As a result, the Sahel crisis has triggered more than 1.1 million forcibly displaced people in Burkina Faso, Mali and Niger.
With limited access to health services, COVID-19 cases in hard-to-reach parts of Africa is one of the most considerable risks for the spread and treatment of the coronavirus. In temporary camps across Mali, Burkina Faso and Niger, many of the prevention measures, such as hand washing and social distancing, are impossible to carry out.
In response, we are working closely with health authorities and humanitarian partners in Niger to prevent the coronavirus through activities such as awareness-raising by different media in all possible languages; peer sensitization by girls’ associations, women’s microfinance groups and Alumni Sponsored Children.
We’re also providing hand-washing kits, training health workers, and supporting the logistics and coordination of supplies, as well as distributing menstrual hygiene management supplies for girls and young women.
In Burkina Faso, our local emergency response team has assured access to essential items while also doubling down on hygiene and health messages.
The Lake Chad crisis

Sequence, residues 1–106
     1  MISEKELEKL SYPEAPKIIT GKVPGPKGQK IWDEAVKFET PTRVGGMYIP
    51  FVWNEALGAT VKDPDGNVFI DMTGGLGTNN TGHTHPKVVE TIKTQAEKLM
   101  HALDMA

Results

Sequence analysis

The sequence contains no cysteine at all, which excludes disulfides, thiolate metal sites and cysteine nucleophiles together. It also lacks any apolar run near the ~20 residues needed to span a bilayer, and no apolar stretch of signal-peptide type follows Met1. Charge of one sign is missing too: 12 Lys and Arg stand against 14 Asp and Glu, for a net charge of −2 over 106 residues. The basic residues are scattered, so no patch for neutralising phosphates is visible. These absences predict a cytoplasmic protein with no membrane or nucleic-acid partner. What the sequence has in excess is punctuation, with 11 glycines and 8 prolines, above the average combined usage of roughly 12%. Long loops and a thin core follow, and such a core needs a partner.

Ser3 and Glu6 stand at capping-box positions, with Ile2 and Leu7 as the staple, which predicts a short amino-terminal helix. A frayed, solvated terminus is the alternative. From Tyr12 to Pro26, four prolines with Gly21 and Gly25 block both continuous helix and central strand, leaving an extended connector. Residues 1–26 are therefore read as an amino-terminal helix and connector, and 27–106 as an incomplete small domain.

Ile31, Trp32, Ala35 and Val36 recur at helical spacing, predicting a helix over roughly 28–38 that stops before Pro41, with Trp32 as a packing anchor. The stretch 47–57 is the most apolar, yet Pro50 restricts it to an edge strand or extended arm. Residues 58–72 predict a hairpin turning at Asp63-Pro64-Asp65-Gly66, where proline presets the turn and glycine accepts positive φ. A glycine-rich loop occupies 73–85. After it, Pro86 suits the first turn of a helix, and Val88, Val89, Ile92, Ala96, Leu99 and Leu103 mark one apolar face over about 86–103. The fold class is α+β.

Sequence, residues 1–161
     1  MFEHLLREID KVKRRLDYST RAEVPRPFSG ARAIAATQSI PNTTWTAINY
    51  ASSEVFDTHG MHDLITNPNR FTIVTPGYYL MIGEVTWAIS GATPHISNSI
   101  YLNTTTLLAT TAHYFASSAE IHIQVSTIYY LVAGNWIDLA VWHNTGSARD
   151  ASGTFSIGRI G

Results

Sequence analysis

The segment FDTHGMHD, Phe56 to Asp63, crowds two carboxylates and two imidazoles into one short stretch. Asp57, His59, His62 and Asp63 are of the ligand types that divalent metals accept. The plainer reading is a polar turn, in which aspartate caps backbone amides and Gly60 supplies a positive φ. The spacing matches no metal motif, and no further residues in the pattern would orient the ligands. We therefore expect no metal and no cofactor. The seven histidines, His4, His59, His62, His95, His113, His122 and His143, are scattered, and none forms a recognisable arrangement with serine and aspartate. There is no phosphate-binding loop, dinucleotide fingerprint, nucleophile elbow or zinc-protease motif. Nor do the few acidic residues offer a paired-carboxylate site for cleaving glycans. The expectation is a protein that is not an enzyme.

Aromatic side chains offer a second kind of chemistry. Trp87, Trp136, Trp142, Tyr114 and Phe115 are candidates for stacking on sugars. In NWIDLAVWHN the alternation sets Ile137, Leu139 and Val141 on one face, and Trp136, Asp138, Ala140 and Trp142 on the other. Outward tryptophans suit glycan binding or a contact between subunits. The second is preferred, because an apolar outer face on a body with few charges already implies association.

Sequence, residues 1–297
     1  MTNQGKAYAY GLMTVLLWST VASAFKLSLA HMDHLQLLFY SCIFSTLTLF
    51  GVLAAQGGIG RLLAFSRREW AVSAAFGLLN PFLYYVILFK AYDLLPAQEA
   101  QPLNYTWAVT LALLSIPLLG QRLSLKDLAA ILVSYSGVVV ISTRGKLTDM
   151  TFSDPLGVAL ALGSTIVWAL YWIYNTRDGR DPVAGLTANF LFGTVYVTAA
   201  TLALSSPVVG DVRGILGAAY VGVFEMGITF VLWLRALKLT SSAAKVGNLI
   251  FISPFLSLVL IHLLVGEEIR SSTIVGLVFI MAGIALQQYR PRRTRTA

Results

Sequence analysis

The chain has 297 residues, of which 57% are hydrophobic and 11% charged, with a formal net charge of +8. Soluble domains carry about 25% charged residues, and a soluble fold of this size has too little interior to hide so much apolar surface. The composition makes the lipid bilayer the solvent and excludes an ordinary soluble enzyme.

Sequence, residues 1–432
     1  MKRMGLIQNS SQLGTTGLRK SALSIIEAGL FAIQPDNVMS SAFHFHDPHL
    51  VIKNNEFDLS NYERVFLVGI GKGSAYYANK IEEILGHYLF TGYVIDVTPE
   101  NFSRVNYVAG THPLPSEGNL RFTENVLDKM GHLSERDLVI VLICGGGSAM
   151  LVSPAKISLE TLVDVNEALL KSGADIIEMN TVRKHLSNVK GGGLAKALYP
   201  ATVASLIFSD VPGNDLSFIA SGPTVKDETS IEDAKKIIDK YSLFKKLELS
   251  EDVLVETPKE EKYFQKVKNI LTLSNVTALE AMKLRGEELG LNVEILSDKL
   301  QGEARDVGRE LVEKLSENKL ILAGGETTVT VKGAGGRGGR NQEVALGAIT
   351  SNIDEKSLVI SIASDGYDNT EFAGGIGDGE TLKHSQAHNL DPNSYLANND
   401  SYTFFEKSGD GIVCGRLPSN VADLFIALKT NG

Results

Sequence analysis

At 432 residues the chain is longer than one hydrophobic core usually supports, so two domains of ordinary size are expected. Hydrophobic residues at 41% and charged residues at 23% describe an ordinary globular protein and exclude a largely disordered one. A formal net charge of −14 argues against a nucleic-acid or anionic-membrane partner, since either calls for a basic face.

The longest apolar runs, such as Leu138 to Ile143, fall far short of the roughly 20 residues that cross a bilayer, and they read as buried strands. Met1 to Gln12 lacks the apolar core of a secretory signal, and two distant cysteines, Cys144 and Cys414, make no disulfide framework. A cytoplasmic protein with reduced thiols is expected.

The protracted crisis in the Lake Chad Basin region remains one of the most severe humanitarian emergencies in the world. More than 17 million people are living in the affected areas across Nigeria, Cameroon, Chad and Niger – 10.7 million people need humanitarian assistance; more than 6 million of them are children.
The crisis has unfolded in a region beset by chronic fragility, where poverty, under-development, gender inequality, unemployment and a lack of prospects for young people fuel extremism compounded by environmental degradation and the impact of climate change.
Plan International’s projects in Lake Chad have always worked to deliver positive outcomes in the lives of children – especially girls – their families and their communities. During the COVID-19 pandemic, we are working closely with government agencies across the numerous countries affected by the Lake Chad crisis to ensure that those affected are prepared for the onset of COVID-19.
We are also making every effort to mitigate the impact that the coronavirus will have on refugee camps in the region. For instance, in Niger, we are working with local radio stations to inform the wider public about COVID-19 and how to prevent it.